My high school English teachers—Mr. Williams, Ms. Marshall, Ms. Brown—helped me add critical analysis to my repertoire, and one of the real pleasures of social media has been reconnecting with all of them just before my book came out.

I wrote a fairly terrible epic fantasy novel in high school, and my dad asked Dean Hughes to read it (he had been a bishop in our ward before they split the ward). Surprisingly, Dean Hughes agreed, and while he gave me some constructive critique, his positive feedback encouraged me to keep writing.

Since you teach writing to college students, how do you encourage writers who show promise?

Wow, this is a great question. I think I was drawn to teaching initially because I had so many great teachers, and that responsibility is certainly something that weighs on me as I prepare my classes. The longer I teach, the more convinced I am of the importance of praise. Of course, it’s important to offer correction, to help students know what areas of their writing need work—but unless they also believe that they *can* improve, such critique can be demoralizing. I’m also consistently surprised by how often people fail to recognize their own gifts—good writers often know where they struggle, but they don’t always know what they’re good at. Part of being a teacher is helping them see that.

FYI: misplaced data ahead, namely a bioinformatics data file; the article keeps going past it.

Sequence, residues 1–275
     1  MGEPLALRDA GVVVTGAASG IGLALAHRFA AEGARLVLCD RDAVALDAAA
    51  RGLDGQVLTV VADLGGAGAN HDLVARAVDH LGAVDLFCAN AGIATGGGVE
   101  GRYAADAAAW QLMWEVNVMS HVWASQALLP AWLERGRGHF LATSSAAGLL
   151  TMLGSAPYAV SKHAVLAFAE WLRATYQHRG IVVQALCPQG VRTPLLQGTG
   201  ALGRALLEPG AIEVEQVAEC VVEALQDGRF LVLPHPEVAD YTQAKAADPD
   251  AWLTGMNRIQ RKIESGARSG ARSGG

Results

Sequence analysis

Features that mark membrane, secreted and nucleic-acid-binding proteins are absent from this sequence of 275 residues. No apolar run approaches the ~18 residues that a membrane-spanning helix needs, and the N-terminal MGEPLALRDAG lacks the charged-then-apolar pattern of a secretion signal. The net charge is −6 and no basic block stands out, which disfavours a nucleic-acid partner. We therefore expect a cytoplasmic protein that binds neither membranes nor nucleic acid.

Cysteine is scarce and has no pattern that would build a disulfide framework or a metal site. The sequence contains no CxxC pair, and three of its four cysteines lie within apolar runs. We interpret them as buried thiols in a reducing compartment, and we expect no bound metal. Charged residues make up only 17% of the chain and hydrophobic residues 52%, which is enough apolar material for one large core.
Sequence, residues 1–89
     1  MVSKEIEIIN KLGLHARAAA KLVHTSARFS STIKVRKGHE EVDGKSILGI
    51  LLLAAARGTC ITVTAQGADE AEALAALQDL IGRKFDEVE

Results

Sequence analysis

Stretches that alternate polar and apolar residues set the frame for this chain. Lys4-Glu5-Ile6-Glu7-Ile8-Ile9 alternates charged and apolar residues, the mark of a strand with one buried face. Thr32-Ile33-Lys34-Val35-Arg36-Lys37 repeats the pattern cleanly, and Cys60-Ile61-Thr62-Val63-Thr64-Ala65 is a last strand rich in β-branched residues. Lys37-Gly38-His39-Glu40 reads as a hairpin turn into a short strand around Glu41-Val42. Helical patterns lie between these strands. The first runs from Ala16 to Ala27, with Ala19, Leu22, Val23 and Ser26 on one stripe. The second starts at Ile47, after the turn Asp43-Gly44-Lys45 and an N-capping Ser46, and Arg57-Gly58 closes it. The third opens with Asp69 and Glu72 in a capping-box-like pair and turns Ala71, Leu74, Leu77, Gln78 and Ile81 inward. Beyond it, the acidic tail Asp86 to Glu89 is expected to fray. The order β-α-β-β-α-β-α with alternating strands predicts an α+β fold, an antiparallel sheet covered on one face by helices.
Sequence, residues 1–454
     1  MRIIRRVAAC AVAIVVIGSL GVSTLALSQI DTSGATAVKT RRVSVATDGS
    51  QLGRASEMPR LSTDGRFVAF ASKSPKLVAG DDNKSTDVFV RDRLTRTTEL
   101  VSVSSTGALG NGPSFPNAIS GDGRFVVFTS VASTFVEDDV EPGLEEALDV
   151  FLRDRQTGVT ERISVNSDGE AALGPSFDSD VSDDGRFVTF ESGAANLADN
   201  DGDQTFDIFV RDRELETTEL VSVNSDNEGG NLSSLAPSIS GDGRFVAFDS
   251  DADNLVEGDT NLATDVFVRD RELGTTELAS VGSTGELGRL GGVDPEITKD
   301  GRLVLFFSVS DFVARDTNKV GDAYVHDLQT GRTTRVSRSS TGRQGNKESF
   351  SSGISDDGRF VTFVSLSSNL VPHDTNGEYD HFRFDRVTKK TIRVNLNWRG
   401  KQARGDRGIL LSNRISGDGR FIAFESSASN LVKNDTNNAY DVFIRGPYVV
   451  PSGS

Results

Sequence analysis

In your callings in the church, how do you nurture spiritual gifts in the people you influence? Is there any correlation between those two settings that often call for encouraging words?

I definitely think there’s a corollary to church work. Sometimes I worry that we’re so focused on telling people what they need to improve, that we forget that people are often more motivated by love and encouragement than by shaming. Right now I’m in primary, and I think the most important thing I can do for the children I work with is assuring them that they are loved. This can look like a lot of things, but often it looks like listening to them and praising them for the many good things they do.

 

I understand that many fond aspects of your life converged in writing Blood Rose Rebellion – your mission to Hungary, your fascination with the 19th century, your ruminations on the role of an “anti-savior” – someone who lacks the power that others in her setting wield easily.